US 4606545 A
A pinball machine having a plurality of inclined playfields is provided. The adjacent playfields are linked by at least one path allowing a ball to descend to the lower playfield and a path allowing a ball to be propelled by a player controlled flipper to the upper playfield.
1. An improved pinball machine having an inclined first playfield which includes targets and at least one flipper operable by a player for propelling a ball in play on the first playfield, the improvement comprising:
(a) a second playfield substantially parallel above said first playfield;
(b) a bidirectional ball path having a first open end on said first playfield and a second open end connected to said second playfield, said first end opening toward said flipper so that the latter can directly propel a ball on said first playfield via said path onto said second playfield or a ball may travel from second playfield to said first playfield, said second end disposed on said second playfield so that a ball may descend to said first playfield or ascend to said second playfield;
(c) another flipper disposed on said second playfield adjacent said second open end of the path for propelling a ball on said second playfield away from said path, said another flipper selectively operable by the player to prevent a ball on the second playfield from entering said path and descending to the first playfield thereby providing the player with the opportunity to keep a ball in play on the second playfield; and
(d) a plunger adjacent the lower end of said first playfield, a track means extending from the free end of said plunger for guiding a ball propelled by the plunger, an arcuate channel having a ball entrance disposed below the surface of the second playfield to receive a ball from the track means, and a ball disposed above the level of said second playfield so that balls enter the second playfield traveling in a direction 180 degrees opposite from the direction of travel of the balls just prior to entering the arcuate channel and substantially at the level of the second playfield.
Referring in particular to FIGS. 1 and 2, a pinball machine 10 is illustrated having a head 12, which includes numerical score display 14, and a cabinet 16 which is supported by four conventional legs. A lower playfield 18 and an upper playfield 20 are housed within cabinet 16.
The lower playfield contains a pluality of circular inserts 22 and arrow shaped inserts 24 which comprise plastic transparent inserts of varying colors that are recessed even with the surface of the playing field. Individual lights are disposed beneath each insert and are controlled in a conventional manner either in response to ball contact switches or by other means. The playfield 18 also contains a player operable means for propelling a ball such as complementary left and right flippers 26L and 26R, and sling-shot kickers 28L, 28R, as well as bumpers 30, and drop targets 32. The flippers are controlled by solenoids which are responsive respectively to left and right push buttons 44L, 44R. In the illustrative embodiment, two exit lanes 34 and flipper return lanes 36 are separated by dividers 38 and 39. Exit lane 34 and flipper return lane 36 have respectively ball sensing switches 40 and 41. A ball may exit out-hole 42 either by passing directly between the flippers 26 or by exit lanes 34.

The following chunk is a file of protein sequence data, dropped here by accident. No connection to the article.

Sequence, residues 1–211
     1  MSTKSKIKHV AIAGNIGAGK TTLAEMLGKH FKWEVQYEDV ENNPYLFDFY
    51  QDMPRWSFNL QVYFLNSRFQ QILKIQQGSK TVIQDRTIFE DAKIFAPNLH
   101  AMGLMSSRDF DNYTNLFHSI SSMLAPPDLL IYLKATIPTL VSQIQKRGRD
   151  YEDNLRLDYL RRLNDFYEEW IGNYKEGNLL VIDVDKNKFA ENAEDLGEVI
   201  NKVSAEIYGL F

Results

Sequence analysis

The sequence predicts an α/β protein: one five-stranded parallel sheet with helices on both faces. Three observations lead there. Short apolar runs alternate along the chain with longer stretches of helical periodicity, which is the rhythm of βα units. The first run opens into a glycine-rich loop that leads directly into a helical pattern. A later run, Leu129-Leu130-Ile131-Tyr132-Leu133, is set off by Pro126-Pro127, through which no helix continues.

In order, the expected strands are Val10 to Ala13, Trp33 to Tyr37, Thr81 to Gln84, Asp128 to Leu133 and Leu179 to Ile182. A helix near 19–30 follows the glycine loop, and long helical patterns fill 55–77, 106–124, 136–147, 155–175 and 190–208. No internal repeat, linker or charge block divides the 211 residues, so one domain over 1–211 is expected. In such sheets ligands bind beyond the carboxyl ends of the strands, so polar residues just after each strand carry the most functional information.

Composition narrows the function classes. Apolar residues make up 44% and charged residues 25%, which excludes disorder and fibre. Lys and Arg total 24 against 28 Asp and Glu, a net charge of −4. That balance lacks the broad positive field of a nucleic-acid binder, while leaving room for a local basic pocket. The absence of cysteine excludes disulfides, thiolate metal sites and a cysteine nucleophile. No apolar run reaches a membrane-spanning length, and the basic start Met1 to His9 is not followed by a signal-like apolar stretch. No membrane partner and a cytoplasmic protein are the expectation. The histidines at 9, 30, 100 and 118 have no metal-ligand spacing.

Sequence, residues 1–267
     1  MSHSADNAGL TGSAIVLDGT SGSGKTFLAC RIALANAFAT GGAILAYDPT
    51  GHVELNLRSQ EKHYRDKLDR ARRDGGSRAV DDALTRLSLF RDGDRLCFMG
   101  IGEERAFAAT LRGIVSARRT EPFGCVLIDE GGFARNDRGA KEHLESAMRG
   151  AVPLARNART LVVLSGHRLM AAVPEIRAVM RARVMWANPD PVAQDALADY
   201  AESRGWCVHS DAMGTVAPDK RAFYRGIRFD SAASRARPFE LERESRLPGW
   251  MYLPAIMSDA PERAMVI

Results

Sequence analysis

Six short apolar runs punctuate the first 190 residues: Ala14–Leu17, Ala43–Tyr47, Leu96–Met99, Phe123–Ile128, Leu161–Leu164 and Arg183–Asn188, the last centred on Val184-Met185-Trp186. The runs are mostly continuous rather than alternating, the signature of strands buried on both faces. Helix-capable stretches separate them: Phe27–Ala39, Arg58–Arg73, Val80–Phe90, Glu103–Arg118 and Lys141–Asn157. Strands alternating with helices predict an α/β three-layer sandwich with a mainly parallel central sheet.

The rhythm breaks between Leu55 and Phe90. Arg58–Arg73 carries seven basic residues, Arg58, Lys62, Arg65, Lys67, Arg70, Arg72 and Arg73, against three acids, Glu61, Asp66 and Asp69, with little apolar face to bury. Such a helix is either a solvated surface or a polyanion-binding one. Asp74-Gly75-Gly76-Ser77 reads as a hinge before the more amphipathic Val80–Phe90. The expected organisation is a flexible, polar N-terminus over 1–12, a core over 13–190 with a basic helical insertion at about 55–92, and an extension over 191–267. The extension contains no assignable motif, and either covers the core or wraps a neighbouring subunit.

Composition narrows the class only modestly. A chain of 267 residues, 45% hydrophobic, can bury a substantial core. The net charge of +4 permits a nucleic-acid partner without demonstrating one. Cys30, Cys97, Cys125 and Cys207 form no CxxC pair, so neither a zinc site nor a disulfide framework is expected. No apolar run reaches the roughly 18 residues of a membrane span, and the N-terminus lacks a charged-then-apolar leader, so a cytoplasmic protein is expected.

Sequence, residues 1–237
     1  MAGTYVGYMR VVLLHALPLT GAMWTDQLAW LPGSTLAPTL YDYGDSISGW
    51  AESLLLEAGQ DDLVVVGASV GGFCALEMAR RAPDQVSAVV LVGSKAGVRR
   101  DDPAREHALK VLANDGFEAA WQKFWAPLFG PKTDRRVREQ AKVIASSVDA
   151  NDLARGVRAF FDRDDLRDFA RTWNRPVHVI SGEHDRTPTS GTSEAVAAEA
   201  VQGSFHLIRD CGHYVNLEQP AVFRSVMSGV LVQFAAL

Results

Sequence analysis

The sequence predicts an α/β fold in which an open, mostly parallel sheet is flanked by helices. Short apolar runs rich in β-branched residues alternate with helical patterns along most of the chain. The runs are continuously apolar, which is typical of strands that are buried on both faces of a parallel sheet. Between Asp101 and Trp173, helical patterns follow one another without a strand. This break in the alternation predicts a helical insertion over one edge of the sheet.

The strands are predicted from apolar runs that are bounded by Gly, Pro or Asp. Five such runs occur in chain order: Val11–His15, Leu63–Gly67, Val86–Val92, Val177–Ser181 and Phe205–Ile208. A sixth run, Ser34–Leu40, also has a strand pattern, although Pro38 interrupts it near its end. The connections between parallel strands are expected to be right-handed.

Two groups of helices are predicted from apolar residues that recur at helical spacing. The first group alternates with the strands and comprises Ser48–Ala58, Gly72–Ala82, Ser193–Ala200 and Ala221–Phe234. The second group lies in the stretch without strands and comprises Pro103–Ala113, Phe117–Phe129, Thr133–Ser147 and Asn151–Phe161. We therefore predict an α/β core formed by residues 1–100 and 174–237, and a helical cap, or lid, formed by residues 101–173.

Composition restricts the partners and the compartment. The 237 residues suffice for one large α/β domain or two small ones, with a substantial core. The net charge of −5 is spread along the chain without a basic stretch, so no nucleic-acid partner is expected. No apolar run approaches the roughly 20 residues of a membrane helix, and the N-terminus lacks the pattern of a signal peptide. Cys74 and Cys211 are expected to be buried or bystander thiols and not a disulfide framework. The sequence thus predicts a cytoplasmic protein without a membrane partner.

Upper playfield 20 contains similar features including circular light inserts 46, arrow light inserts 47, drop targets 48L, 48R, a kicker 50 and flippers 52L, 52R. Push buttons 44L, 44R, control respectively flippers 52L, 52R, as well as flippers 26L, 26R. Preferably the push buttons have sequentially staggered contacts such that the flippers controlled by each are not energized simultaneously. For example, push button 44L can include sequential contacts connected such that depressing this push button inwardly would first energize the solenoid controlling flipper 26L and then activate the solenoid controlling flipper 52L. Completely depressing push button 44L thus causes both left flippers to operate. Sequential activation of the flippers is desirable because the current drawn by the respective solenoids does not occur simultaneously but at spaced time intervals thereby minimizing any momentary voltage drop in the power supply which drives the solenoids allowing full power for flipper activation. The solenoid utilized in the preferred embodiment consists of conventional 28 volt DC solenoids which are powered by a 28 volt DC power supply.
The playfield 20 is parallel to and mounted above an upper portion of inclined planar playfield 18 by suitable spacers. Inclined ramps 54, 56 and 58 provide different paths connecting the upper playfield to the lower playfield. These ramps provided a means by which balls may descend by gravity from the upper to the lower playfield and provide a means by which balls may be propelled from the lower playfield to the upper playfield. In the preferred embodiment, flippers 52L, 52R guard the upper entrance to ramp 56 thereby providing the player with an opportunity to prevent a ball on upper playfield 20 from descending by gravity to the lower playfield by means of a ramp 56. Ramp 54 has a U-shaped portion on upper playfield 20 requiring that a ball must be shot down as well as up this ramp. The ramps 54, 56, 58 may be made out of any suitable material, such as strips of sheet metal, and preferably have side walls 54a, 54b, 56a, 56b, 58a, 58b, respectively to prevent balls from falling off.
Adjacent the lowermost edge 21 of upper playfield 20 is divider 60, bumper 62, flipper 52L, and divider 64 which prevent balls on upper playfield 20 from falling to the lower playfield 18.
In the illustrative embodiment, a spring loaded plunger 66 provides a means for impelling a ball up an inclined track 68 mounted to lower playfield 18 and around an arcuate channel 70 which connects track 68 with upper playfield 20. FIG. 1 illustrates that a portion of the track is disposed between the playfields. The arcuate channel delivers a ball onto entry chute 72 of upper playfield 20 in a direction opposite to the travel of the ball in the track, i.e. in a direction parallel to the longitudinal center line of cabinet 16. A one directional gate 73 mounted to chute 72 allows a ball to be shot onto playfield 20 but prevents a ball from entering the chute from the playfield.